Q: I have a contact lens patient who has a corneal/conjunctival lesion that is quite raised and has a white appearance. How can I differentiate between pterygia, vascularized limbal keratitis (VLK) and conjunctival intraepithelial neoplasia (CIN)?
A: “The big issue is the nature of the lesion,” says J. James Thimons, OD, center director for Ophthalmic Consultants of Connecticut. “All three of these are best differentiated by the anatomy of the appearance and the location.” Let’s take a look at some of the defining features of each.
• Pterygia. Of the three conditions, this is by far the most common. “I tell my patients that a pterygium is effectively a callus on the eye, secondary to chronic exposure to sun, dust or wind,” Dr. Thimons says. It is almost always bilateral and not gelatinous. The vascular bed runs parallel with the wedge of the lesion, apexes toward the cornea, and weaves itself into the corneal epithelium and Bowman’s membrane.
In the case of a medium to large pterygium, you should perform topography to rule out induced distortion, according to Henry D. Perry, MD, a founding partner of Ophthalmic Consultants of Long Island. Histopathology shows a thickened epithelium, amorphous eosinophilic staining, hyalinized material and numerous vessels identified in the substansia propia. Stromal fibrocyte proliferation can also be seen.
“Several papers have reported as many as 10% of pterygia having foci of CIN—interestingly, none of these 10% were clinically recognized preoperatively,” Dr. Perry says. “Therefore, clinical photos are helpful, and performing a conjunctival scraping with a Kimura spatula and putting the material on a glass slide may be diagnostic.” Put the slide in a Coplin jar with methanol and send to a cytologist for evaluation.
Pterygium, such as the one seen in this photo, is a common diagnosis. Photo: J. James Thimons, OD
• VLK. This condition is usually associated with hard contact lens wear and in patients with dryness or desiccation of the cornea secondary to lens fit dynamics. “It’s basically like a scab on the cornea—it’s thought to be a hyperplastic response of the cornea to try to heal itself,” Dr. Thimons says. It’s typically located between the limbus and the edge of the lens where it rides into the temporal cornea.
Usually smaller in size than a CIN, VLK does not have a whitish or gelatinous appearance. “This is clearly a corneal lesion with some limbal involvement,” Dr. Thimons says.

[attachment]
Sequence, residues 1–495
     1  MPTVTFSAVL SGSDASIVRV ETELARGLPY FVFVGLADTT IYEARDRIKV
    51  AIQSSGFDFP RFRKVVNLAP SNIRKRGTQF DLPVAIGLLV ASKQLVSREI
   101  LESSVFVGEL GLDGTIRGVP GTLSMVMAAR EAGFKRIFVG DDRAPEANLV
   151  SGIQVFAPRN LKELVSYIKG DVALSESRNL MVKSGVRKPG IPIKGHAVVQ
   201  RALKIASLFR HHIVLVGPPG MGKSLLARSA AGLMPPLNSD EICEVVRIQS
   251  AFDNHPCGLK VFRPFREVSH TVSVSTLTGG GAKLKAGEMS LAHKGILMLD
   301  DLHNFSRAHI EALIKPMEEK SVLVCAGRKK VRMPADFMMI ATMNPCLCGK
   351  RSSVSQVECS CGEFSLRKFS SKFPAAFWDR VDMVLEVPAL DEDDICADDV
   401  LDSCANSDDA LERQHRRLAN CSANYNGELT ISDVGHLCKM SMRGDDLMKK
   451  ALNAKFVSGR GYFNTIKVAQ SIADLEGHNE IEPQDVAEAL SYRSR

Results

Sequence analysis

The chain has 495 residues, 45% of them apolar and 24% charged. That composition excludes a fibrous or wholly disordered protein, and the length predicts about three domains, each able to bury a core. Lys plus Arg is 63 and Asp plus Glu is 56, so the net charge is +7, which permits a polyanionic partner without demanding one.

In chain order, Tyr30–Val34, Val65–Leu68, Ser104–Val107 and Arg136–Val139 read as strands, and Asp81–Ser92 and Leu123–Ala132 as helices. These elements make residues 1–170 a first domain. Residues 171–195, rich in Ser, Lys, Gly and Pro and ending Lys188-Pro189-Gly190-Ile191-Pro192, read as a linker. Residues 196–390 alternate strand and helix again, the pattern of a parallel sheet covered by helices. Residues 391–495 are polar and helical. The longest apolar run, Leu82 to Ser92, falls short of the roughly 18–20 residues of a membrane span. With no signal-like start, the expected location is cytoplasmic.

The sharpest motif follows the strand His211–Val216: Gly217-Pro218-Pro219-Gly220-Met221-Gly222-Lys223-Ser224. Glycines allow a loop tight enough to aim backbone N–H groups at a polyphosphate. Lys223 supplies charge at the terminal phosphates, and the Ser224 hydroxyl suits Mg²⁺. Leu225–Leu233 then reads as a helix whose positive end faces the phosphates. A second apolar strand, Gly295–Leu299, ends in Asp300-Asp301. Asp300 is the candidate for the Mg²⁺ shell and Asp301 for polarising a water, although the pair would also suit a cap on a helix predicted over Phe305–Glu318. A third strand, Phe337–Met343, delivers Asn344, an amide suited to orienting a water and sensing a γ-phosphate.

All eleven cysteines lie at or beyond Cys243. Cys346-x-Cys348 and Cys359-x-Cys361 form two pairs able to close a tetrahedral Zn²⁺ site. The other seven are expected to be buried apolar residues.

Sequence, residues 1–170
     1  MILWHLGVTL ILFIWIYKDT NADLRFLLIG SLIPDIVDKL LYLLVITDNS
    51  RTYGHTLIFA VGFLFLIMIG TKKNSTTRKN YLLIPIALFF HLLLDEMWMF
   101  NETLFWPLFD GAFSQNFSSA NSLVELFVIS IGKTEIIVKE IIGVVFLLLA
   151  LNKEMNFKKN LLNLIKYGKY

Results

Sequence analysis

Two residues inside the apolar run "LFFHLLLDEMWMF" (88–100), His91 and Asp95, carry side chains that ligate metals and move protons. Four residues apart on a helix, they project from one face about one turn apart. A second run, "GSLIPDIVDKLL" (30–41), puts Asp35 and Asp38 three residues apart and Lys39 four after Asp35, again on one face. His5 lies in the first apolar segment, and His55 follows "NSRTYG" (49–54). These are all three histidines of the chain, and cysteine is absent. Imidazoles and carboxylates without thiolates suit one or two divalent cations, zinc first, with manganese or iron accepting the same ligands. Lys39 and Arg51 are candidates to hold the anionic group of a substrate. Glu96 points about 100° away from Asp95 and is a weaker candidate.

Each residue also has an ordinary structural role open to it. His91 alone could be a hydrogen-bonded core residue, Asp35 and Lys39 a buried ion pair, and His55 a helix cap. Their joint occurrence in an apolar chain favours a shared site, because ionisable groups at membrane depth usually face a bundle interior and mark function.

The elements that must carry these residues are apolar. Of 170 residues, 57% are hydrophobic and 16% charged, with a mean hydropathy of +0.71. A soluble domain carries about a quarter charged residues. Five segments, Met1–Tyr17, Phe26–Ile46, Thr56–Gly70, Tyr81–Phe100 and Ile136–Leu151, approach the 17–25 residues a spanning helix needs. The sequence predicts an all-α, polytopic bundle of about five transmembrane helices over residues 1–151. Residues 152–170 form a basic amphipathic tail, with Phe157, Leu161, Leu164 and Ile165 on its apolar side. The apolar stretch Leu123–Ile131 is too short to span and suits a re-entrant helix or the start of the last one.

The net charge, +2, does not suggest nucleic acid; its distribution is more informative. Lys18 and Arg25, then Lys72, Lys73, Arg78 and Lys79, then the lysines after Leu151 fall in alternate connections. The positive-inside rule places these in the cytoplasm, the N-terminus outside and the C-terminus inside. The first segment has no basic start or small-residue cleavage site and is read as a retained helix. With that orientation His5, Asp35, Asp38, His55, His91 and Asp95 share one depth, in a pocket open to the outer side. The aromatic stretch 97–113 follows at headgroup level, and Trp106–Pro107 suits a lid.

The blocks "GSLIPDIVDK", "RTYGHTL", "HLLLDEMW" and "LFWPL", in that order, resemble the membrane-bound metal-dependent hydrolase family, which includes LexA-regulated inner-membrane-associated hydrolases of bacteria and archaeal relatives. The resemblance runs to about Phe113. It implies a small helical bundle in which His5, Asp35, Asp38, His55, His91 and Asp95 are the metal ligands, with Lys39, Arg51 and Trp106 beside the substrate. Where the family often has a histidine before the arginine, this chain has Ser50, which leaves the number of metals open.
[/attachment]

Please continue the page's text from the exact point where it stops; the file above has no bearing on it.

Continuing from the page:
• CIN. Less common than pterygia or VLK, CIN tends to be more gelatinous with a bumpy texture and some gray-white pigment in the body of the lesion. “Any white lesion on the conjunctiva that looks suspicious for a neoplasm should be at least evaluated by serial photography and perhaps conjunctival scrapings,” Dr. Perry says. “Pinguecula that become elevated and/or develop a whitish, foamy appearance may actually represent CIN. Pterygia may also degenerate into CIN.”
Whereas most pterygia are nasal, CINs are typically temporal but can occur superiorly. Usually unilateral, CIN crops up more often in men, elderly patients and those with a history of chronic sun exposure or tobacco use. “Quite frankly, a CIN looks bad because it usually is,” Dr. Thimons says. “It’s one of those lesions that lives up to its reputation. Clinicians become concerned by the atypical aspect of the presentation and, as a result, either monitor regularly in the early phase or refer for biopsy and treatment if changes occur.”
“I would be uncomfortable with just a visual diagnosis; you would definitely want to biopsy,” he says. CIN is a pre-malignancy and can certainly progress to squamous cell CA when it breaks through the conjunctival basement membrane. If a CIN continues to grow, it can cause significant tissue damage and can invade adjacent structures, such as the sclera, lids and orbit. CIN can be aggressive, but very rarely metastasizes when it progressses to squamous cell CA.